Recognising the impact of loneliness

Published: 10/06/2024

Author: Lloyd Boone

How often do you feel lonely? It's personal and subjective but we will all experience it.

As humans we are, by our very nature, social. The quality of our relationships at home, our place of work and in communities matter.

Most of us thrive on building and maintaining positive relationships with one another for care, comfort and support. However, for many in society, loneliness is having detrimental effects on our health and wellbeing.

In a recent UK study 26 million people reported feeling lonely occasionally, sometimes, often or always. This equates to nearly 50% of all adults across the country.

Feelings of loneliness can be experienced by anyone, and are caused by a range of different factors, but in order to comprehend the concept we need to identify what we mean by the term. The Campaign to End Loneliness define it as:

‘a subjective, unwelcome feeling of lack or loss of companionship. It happens when there is a mismatch between the quantity and quality of the social relationships that we have, and those that we want’

What is important to remember is that loneliness is not necessarily about being alone. It is strongly linked to social isolation and whilst feelings of loneliness will often come as a result of being isolated, the two are not the same.

Isolation is often an objective measure of the number of contacts a person has and relates to the quality of their relationships. Whilst some people appear to be isolated they may choose to have a small circle of friends or be comfortable on their own. In contrast, loneliness is a state of mind that relates to the gap a person feels between their desired levels of social connections and what they have in reality.

You can feel lonely in a room full of people, but you will not be alone.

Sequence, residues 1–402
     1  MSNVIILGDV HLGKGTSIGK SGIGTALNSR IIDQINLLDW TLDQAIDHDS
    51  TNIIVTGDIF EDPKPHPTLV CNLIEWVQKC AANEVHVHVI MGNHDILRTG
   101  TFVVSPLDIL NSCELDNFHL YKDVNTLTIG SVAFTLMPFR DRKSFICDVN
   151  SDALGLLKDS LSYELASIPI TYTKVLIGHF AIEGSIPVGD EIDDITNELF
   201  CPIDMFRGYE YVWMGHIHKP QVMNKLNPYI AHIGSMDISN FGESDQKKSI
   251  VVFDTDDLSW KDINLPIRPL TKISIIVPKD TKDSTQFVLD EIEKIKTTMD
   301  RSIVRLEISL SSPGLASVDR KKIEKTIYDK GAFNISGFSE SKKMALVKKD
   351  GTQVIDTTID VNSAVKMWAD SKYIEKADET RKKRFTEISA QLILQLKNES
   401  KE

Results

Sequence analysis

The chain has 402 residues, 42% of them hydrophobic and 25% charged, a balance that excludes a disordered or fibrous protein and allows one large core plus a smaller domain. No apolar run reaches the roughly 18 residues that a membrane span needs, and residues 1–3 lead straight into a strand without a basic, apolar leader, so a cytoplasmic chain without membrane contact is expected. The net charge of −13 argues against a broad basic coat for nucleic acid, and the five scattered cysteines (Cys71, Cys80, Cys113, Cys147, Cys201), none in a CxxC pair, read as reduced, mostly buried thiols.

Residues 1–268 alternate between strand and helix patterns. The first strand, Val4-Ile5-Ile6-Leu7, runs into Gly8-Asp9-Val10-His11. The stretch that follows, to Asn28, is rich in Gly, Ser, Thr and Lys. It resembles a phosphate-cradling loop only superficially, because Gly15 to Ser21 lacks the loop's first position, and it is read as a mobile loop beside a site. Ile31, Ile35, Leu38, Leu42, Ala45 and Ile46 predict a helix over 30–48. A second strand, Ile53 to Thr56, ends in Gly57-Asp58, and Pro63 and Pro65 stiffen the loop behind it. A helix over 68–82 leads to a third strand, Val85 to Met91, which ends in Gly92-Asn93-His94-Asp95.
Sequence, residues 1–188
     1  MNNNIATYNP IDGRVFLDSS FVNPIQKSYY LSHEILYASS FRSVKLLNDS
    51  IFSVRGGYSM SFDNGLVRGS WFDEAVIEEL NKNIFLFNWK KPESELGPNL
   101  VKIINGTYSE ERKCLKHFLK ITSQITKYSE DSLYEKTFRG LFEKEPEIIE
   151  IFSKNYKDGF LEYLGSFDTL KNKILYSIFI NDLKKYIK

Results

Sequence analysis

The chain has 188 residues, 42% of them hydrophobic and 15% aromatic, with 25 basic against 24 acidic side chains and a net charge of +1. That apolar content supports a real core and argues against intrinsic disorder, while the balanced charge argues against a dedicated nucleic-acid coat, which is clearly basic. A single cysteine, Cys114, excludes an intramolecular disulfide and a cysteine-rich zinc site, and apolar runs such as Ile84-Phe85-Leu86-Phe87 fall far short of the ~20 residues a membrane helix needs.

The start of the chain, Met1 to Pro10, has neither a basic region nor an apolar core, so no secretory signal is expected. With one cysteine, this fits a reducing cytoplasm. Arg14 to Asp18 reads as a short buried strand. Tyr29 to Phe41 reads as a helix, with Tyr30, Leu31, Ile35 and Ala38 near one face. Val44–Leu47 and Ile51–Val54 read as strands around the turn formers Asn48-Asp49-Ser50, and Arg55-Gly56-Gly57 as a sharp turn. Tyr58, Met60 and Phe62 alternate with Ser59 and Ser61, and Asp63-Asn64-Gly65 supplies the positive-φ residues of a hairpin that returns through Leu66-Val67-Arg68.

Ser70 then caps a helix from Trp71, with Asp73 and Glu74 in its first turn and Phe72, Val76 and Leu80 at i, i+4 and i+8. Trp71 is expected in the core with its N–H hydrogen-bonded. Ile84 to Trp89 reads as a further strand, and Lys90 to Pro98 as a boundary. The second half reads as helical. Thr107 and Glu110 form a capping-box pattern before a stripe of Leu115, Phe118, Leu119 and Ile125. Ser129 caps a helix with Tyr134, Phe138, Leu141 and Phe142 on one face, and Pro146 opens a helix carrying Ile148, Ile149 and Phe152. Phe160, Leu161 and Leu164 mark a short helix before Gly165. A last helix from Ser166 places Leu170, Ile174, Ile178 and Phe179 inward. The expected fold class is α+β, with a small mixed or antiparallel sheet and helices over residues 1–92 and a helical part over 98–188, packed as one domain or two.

In a study conducted by the Office for National Statistics, those who describe feeling lonely, often have several similar characteristics and circumstances. These can include being unemployed, having poor mental or physical health, a disability, or having care responsibilities.

It is often as a result of a life event, such as a bereavement, change of address, becoming a carer or having a new baby. In addition, increasing numbers of younger people are reporting feeling lonely.

The long term effects can be harmful to our health, research shows that a lack of regular social connections can be worse for you than obesity. Left unresolved, it often leads to heart disease, high blood pressure and can increase the decline of people who live with dementia.

For social care, the concept can be very complex and deeply personal but can be supported by wider environmental factors and community capacity. Having good infrastructure can encourage social networks and ensuring that transport is accessible can support those who may otherwise stay at home.

By understanding the complex nature of loneliness and social isolation, practitioners can better develop and tailor their practice to ensure that the children, families and adults that they are working with are able to access the right support.

In a new video learning resource, Gerry Nosowska examines how practitioners can work with loneliness as a complex and changing condition, and the implications of this for practice. The videos consider:

  • What is loneliness?
  • How we might consider the importance of relationships and social connection as part of social care practice.
  • How we can respond effectively to loneliness.

Building social networks and friendships does not only have a positive effect on reducing the health impacts of loneliness, it supports people, particularly those who are older, recover when they fall ill.

All of us have unique strengths and challenges so it is important that we take a person-centred approach, tailored to each individual.

Reaching out to those who may be socially and financially excluded or have a disability can have a big impact on their wellbeing.

Individuals can strengthen their communities by talking to their neighbours, joining clubs, making new friends or volunteering. This will ensure that we make our communities stronger and more welcoming for all regardless of age, abilities or care and support needs.

While there is no quick solution to achieving a shift in our culture, we should be looking to grow opportunities that promote our social wellbeing and that of others.

Lloyd Boone

Lloyd Boone is the Senior Communications, Marketing and Engagement Officer for Research in Practice.